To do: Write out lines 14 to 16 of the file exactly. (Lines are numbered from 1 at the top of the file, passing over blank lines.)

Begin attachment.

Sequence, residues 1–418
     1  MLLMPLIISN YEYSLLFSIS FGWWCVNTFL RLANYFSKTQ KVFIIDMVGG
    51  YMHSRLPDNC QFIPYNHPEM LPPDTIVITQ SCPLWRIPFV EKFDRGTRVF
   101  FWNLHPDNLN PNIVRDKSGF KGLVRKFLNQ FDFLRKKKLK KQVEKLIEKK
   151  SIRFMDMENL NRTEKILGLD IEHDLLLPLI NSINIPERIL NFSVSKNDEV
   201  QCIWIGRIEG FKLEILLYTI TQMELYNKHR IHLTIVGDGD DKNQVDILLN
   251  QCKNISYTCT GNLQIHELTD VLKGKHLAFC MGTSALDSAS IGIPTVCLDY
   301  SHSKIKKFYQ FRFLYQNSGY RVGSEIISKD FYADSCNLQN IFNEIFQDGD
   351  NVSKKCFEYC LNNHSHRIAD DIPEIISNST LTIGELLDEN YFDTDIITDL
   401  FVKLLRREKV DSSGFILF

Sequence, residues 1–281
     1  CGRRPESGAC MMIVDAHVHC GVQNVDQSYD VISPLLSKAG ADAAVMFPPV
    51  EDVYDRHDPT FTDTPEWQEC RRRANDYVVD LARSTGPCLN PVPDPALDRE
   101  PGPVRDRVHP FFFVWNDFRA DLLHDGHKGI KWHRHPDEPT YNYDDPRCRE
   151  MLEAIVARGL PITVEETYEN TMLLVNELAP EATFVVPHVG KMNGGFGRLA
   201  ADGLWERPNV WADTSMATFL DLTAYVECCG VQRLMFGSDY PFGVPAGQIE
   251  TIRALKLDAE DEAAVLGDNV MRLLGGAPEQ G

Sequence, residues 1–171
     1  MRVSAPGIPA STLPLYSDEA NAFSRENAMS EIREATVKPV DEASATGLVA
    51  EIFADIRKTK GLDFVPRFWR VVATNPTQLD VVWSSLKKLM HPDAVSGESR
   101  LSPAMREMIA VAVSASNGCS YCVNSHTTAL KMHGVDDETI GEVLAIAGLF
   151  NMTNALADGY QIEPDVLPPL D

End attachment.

   101  PGPVRDRVHP FFFVWNDFRA DLLHDGHKGI KWHRHPDEPT YNYDDPRCRE
   151  MLEAIVARGL PITVEETYEN TMLLVNELAP EATFVVPHVG KMNGGFGRLA
   201  ADGLWERPNV WADTSMATFL DLTAYVECCG VQRLMFGSDY PFGVPAGQIE